Betta albimarginata Care and Breeding

Betta albimarginata Care and Breeding 2020-12-23

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Betta albimarginata Care and Breeding

Introduction


The two most common localities Betta albimarginata are sourced from are Malinau and Sebuku in Indonesia, although collection has also occurred in Malaysia. The fish inhabit shallow (5-10cm), blackwater forest streams with slow flow and plenty of cover in the form of rocks, roots, leaf litter, and plants. The Sebuku-collected individuals tend to be larger than their Malinau counterparts, but the species generally obtains lengths between 1 to 2 inches and live 2 to 3 years in captivity. These fish are classified within the Albimarignata complex, under which a similar species, Betta channoides, can also be found.

Betta albimarginata are also known as the “whiteseam fighter” or “strawberry betta” for the bold breeding coloration of the males, which consists of a reddish orange with fins lined with a band of black, followed by a seam of white. Both males and females can change color drastically according to their mood; female coloration ranges from ash gray with two black stripes and clear or black-flecked fins (neutral mood) to black or dark brown with a tan dorsal region and rust-colored fins with faded black edges (breeding coloration). When in breeding coloration, both sexes may develop rusty vertical bars along the side of the body. Submissive or stressed males can also change their patterning to closely resemble the stripes and washed-out grays of a female.


Albimarginata with Text.jpg


Care

Although this species prefers low pH, hardness, and TDS (Total Dissolved Solids) levels, they are adaptable and can live and breed at a pH of 4.0 to 7.6 and gH of 18 to 100 ppm. Acceptable water temperatures range from 70F to 85F (21C to 29C), with cooler 70’s preferred, although spawning and more intense coloration is triggered at 75F (24C) and above. Temperatures around the mid 60’s are noted to be lethal for some fry.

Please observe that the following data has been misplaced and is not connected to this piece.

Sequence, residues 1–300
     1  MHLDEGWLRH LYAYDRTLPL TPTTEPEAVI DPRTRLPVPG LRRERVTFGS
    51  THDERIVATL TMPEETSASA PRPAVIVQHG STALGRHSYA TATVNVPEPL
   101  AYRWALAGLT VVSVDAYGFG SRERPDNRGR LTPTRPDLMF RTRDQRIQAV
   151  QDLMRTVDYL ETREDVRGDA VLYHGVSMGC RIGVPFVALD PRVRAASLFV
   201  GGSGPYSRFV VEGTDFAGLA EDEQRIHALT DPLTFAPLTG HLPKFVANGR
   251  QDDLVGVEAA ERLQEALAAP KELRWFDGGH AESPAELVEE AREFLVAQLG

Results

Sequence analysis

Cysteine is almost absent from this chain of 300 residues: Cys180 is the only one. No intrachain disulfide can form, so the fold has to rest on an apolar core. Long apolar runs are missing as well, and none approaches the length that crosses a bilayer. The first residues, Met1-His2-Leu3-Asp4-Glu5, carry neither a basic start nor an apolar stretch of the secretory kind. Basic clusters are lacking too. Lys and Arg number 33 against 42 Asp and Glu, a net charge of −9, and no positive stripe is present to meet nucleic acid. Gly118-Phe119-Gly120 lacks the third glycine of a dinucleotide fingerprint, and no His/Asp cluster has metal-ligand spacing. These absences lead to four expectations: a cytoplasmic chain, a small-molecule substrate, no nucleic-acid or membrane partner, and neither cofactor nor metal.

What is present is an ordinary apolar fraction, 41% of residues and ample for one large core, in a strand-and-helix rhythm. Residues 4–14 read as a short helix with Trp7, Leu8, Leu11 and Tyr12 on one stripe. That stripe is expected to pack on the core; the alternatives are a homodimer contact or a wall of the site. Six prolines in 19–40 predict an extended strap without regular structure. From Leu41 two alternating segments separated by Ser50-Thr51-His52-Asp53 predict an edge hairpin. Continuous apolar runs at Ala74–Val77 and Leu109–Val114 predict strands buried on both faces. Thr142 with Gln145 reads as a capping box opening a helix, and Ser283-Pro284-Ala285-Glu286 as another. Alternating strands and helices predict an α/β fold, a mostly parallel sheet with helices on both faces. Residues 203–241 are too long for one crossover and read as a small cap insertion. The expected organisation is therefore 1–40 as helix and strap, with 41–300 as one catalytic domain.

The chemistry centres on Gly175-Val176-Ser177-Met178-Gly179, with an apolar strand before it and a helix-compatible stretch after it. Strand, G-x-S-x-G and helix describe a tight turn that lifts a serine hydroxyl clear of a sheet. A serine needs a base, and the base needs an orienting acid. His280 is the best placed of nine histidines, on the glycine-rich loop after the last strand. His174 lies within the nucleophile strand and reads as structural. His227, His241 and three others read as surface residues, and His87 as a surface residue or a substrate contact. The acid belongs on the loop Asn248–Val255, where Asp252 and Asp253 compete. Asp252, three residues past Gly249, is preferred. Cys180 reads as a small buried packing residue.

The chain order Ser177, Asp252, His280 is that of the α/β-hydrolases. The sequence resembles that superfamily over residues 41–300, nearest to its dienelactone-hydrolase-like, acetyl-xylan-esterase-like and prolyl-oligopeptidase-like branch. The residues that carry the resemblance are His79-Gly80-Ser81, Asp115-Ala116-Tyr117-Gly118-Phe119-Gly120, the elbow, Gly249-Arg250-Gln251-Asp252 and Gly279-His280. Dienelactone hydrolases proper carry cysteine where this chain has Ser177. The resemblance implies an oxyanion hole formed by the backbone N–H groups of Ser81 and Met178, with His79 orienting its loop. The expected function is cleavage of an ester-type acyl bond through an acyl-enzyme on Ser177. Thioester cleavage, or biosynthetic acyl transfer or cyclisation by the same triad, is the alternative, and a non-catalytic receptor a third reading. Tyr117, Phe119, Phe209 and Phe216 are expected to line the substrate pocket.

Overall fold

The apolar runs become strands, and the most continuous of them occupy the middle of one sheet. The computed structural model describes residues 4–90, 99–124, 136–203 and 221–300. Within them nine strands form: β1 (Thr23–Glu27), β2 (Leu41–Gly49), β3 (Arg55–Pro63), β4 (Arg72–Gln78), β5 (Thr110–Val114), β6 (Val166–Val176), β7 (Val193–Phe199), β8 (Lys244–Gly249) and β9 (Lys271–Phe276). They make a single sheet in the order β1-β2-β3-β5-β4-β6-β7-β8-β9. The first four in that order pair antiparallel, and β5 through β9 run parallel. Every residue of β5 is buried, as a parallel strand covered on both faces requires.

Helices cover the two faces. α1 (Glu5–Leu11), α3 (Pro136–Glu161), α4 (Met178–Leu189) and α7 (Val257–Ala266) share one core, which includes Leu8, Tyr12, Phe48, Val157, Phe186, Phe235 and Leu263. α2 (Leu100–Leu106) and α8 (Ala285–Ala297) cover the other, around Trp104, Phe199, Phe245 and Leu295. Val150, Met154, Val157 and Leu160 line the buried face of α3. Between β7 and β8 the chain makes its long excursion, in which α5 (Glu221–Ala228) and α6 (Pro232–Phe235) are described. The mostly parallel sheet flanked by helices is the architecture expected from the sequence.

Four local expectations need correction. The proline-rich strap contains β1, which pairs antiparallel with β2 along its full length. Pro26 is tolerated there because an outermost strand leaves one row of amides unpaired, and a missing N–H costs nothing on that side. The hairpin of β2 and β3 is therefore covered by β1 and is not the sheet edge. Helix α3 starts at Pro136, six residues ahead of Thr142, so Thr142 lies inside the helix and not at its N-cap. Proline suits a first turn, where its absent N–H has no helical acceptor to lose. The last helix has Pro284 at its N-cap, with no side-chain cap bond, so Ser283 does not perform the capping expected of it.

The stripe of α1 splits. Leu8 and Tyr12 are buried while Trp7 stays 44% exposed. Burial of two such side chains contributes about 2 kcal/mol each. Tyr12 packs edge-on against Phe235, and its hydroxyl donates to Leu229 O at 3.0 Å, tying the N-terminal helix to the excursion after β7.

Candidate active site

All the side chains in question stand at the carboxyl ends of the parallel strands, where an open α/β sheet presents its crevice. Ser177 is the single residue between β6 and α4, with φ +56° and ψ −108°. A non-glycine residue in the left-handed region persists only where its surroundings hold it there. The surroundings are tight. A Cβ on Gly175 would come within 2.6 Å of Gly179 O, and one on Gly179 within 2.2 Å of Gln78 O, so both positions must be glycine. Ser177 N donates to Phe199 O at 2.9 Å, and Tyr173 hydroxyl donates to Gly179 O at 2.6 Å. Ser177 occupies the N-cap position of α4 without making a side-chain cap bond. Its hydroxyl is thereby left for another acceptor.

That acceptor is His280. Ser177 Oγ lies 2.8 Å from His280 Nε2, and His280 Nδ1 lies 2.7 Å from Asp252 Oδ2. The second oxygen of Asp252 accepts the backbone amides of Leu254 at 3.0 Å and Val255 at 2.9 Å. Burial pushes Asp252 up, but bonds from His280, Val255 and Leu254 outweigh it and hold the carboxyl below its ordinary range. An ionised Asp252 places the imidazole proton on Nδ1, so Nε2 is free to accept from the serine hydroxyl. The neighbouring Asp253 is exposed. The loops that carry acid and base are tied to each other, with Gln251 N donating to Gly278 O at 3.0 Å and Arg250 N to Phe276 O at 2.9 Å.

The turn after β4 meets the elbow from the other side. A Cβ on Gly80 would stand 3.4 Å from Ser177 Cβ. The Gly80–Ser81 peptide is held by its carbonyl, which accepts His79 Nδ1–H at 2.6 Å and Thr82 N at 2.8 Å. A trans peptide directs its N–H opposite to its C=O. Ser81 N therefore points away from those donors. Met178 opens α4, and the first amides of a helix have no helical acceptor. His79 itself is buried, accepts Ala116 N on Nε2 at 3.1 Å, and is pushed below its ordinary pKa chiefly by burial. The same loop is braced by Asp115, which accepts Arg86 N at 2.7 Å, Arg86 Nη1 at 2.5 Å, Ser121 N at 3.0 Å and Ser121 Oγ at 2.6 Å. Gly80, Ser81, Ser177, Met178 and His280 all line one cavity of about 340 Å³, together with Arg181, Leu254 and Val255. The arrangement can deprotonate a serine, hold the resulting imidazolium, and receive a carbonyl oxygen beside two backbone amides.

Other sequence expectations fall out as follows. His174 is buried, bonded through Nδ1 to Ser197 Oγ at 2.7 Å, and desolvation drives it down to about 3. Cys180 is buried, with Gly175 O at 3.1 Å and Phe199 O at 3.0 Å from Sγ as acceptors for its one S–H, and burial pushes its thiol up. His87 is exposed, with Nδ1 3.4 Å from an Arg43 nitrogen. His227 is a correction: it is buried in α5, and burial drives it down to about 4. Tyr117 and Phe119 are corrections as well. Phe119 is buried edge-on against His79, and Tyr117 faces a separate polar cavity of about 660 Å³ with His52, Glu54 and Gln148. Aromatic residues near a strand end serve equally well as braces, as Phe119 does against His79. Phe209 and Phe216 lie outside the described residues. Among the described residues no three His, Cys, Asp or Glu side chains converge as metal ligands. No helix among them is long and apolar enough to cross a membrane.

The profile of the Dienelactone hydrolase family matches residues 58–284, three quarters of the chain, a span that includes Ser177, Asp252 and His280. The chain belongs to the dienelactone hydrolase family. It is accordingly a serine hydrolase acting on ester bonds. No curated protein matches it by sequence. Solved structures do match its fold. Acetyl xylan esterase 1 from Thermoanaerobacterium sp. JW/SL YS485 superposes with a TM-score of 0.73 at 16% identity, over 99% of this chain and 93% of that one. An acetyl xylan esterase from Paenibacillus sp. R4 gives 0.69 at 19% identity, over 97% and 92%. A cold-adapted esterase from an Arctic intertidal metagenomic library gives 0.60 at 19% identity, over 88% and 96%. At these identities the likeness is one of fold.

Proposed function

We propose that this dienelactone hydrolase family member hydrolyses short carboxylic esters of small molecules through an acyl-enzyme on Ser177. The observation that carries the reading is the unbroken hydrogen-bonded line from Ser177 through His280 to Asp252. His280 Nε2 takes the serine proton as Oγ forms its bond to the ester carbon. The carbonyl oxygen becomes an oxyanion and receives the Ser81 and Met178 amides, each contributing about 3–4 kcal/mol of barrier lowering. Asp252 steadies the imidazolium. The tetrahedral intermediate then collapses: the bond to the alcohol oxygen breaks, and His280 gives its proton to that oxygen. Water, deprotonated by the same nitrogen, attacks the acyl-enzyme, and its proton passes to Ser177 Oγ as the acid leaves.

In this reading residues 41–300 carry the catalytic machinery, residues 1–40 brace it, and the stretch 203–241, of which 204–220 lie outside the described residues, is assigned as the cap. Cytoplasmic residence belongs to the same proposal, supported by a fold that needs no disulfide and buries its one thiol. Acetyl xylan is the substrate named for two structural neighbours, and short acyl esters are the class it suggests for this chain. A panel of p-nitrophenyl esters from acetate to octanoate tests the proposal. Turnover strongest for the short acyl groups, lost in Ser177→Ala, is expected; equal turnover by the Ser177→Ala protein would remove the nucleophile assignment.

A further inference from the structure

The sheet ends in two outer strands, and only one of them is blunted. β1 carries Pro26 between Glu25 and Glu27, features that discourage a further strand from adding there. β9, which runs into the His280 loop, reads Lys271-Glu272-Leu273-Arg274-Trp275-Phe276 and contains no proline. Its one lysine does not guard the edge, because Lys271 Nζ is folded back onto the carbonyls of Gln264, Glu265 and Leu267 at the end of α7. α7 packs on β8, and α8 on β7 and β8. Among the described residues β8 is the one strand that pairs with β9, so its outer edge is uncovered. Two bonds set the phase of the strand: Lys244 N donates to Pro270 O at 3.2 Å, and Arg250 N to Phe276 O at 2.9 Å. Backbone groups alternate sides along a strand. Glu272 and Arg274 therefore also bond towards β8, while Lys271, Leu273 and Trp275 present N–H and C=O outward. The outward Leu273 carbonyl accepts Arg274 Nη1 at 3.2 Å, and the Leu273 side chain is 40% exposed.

A pair or trio of 2 males and a female can be housed in a heavily planted 10-gallon tank, while a group should inhabit 20+ gallons. A tight-fitting lid is crucial, as they are excellent jumpers and can aim themselves even through holes the size of a dime. Although generally peaceful, dominance displays and short bouts of aggression are common amongst a group. It is important to maintain a ratio of 2 to 3 males for every female, as females of this species are more aggressive and assertive.

Betta albimarginata are safe for community tanks of small, calm species that are unlikely to outcompete them for food; however, especially tiny critters, such as small fry and young dwarf shrimp, will be eaten. Wild-caught individuals are initially reclusive but become more outgoing once used to their new environment; likewise, captive-bred fish tend to be confident, outgoing, and interactive.

In captivity, any live foods small enough to swallow are eagerly hunted. Frozen meaty foods (brine shrimp, bloodworms, etc.) are also commonly accepted once the fish recognize it as edible. Some individuals can be weaned over to processed foods, such as flakes with a strong scent, but the species generally seems to maintain a better weight when fed frozen and/or live foods.